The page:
both wings, thumb at the end of the cannula

Insert cannula directly into the vein at approximately


30 - 40 degrees
Advance the cannula slowly until.....

A flashback is seen at the base of the cannula

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Cannulation

Holding the needle still, gently advance the plastic


cannula into the vein

Slowly advance the cannula, NOT the needle. If


resistance is felt, stop and withdraw the needle and
cannula.

Advance the cannula until the hub meets the skin.

Gauze may help to absorb any leakage during removal


of the needle

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Cannulation

Remove the tourniquet prior to removing the needle

Press over the end of the cannula (within the vein) to


minimise blood loss, whilst removing the needle

Dispose of the needle into a sharps bin (whilst


continuing to press over the vein with the other hand)

Remember to keep the bung!

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Cannulation

Insert the bung into the end of the cannula

Apply the dressing

Firmly secure the dressing

Current evidence suggests that cannula insertion sites


should preferably be covered with a sterile, transparent
semi-permeable polyurethane dressing (2)

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The cannula should be flushed to ensure correct


position within the vein. Check the expiry date of the
flush solution (normal saline usually)

Infuse 5 mls of flush solution, noting any resistance,


swelling or reports of pain from the patient which may
indicate extravasation

Document the procedure in the patients notes

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Venepuncture

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Prior to venepuncture consider the following:


Informed consent from the patient
Ensure patient comfort
Collect and prepare the equipment which blood bottles are needed? Check the request
forms.

Equipment

Needle
Vacutainer
Cleaning wipes

Sharps bin

Remember!
Patient ID,
Request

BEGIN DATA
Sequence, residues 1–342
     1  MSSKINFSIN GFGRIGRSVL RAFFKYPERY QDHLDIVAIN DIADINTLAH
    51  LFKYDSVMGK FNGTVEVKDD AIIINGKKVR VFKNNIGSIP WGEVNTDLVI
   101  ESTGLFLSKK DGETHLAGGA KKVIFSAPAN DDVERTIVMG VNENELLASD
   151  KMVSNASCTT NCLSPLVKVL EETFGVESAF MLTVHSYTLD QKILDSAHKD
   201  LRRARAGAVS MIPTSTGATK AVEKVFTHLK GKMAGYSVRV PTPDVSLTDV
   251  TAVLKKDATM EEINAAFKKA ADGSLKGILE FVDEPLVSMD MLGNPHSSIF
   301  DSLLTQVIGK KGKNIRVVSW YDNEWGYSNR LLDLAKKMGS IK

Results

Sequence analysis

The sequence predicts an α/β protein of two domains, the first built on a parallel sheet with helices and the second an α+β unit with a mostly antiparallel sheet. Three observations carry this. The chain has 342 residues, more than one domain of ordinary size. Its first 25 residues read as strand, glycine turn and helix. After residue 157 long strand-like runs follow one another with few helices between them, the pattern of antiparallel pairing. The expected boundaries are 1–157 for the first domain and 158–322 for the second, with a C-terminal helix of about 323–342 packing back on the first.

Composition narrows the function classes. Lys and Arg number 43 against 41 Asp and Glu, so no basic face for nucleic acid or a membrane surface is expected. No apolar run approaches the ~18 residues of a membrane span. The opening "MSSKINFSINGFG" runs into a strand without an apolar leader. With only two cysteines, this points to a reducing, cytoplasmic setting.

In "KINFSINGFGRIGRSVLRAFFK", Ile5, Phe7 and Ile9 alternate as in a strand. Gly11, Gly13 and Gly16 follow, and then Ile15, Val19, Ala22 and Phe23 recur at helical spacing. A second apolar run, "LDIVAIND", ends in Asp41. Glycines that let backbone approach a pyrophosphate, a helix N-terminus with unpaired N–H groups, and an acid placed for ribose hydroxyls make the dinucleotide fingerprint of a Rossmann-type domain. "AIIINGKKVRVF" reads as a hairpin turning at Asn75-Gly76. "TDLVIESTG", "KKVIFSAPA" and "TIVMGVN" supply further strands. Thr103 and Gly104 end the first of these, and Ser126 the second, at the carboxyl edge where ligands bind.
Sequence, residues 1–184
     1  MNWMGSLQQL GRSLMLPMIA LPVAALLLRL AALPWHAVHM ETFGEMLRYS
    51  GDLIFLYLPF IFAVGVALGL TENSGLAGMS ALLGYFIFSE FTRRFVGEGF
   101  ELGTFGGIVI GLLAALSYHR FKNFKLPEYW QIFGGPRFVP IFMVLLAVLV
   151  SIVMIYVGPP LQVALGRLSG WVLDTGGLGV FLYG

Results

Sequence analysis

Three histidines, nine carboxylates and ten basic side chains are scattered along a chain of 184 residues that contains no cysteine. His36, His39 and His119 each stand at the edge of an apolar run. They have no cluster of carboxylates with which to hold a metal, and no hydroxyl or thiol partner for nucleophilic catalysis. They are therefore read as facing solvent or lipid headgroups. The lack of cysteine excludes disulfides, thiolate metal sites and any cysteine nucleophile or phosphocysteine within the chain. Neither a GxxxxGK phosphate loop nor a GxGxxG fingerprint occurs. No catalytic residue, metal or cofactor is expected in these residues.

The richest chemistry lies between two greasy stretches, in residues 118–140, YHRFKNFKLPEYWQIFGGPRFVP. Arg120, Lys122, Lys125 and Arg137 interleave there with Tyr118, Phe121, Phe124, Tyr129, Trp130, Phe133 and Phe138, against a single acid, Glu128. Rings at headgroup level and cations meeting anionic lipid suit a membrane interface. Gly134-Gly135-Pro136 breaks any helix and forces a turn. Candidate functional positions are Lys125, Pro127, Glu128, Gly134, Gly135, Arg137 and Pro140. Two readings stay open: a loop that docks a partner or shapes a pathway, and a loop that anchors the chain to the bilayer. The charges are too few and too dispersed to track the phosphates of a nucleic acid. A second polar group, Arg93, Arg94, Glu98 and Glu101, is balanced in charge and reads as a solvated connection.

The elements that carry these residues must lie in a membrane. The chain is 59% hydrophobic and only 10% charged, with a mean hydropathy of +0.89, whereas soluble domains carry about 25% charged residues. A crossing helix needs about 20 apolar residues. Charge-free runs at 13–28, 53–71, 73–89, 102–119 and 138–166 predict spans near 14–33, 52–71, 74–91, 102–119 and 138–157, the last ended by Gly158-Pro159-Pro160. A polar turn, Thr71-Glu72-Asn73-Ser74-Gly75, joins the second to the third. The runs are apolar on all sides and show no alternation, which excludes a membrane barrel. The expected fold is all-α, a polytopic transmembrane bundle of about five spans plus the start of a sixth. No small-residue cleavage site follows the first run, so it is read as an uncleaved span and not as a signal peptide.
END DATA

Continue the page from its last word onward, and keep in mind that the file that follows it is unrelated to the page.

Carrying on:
forms,
Wear gloves

Blood bottles
Tourniquet

Procedure
Apply the tourniquet 5-10cm above the cannulation site. Clean the skin with chlorhexidine and
alcohol, starting in the centre, working outwards in concentric circles (see images on page 4)

Carefully twist the vacutainer needle seal open

Remove the white plastic cover. Be very careful! There is


a sharp needle beneath the grey plastic end that is now
exposed

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Venepuncture

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Carefully insert the grey end into the vacutainer device

Twist tightly to ensure that the connection is secure

Remove the green plastic cover, this will expose the


needle

With the bevel of the needle pointing upwards, insert the


needle into the vein at approximately 40 degrees

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Venepuncture

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Hold the vacutainer device and needle very still (steady


your hand against the patients arm)

Push the blood bottle into the vacutainer device, until


the grey spike pierces the rubber stopper at the top of
the bottle

The vacuum within the bottle should cause blood to


immediately flow into the bottle. If blood does not flow then
the needle is not correctly inserted into the vein and should
be removed

The blood flow will stop when the correct amount has
entered the bottle. Remember to keep the hand holding
the vacutainer and needle very still whilst removing the
bottle from the device. The procedure shown in the three
previous slides can be repeated if further blood bottles are
needed

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Venepuncture

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Put the filled blood bottles into a secure container

Prior to removing the needle, remove the tourniquet

Using a piece of gauze, gently press over the


venepuncture site whilst removing the needle

Press firmly to avoid blood loss and haematoma formation

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Venepuncture

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Dispose of sharps carefully

Apply a dressing or plaster over the venepuncture site

Gently rotate the bottle to mix the blood and possible


additives

Label the bottle with the patients details, checking the


form carefully. Send to the laboratory as per Trust policy

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Cannulation and Venepuncture


References
1. Collins, M. Phillips, S. Dougherty, L. (2006) A structured learning programme for
venepuncture and cannulation. Nursing Standard. 20 (26). 34-40.

2. Pratt RJ, Pellowe CM, Wilson JA et al (2007) epic2: National Evidence Based Guidelines
for preventing healthcare associated infections in NHS hospitals in England. Journal of
Hospital Infection. 65, supplement. Elsevier, Oxford

3. Roberge RJ. (2004) Venodilatation techniques to enhance venepuncture and


intravenous cannulation. Journal of Emergency Medicine. 27(1) 69-73

Produced by Natasa Perovic CETL Learning technologist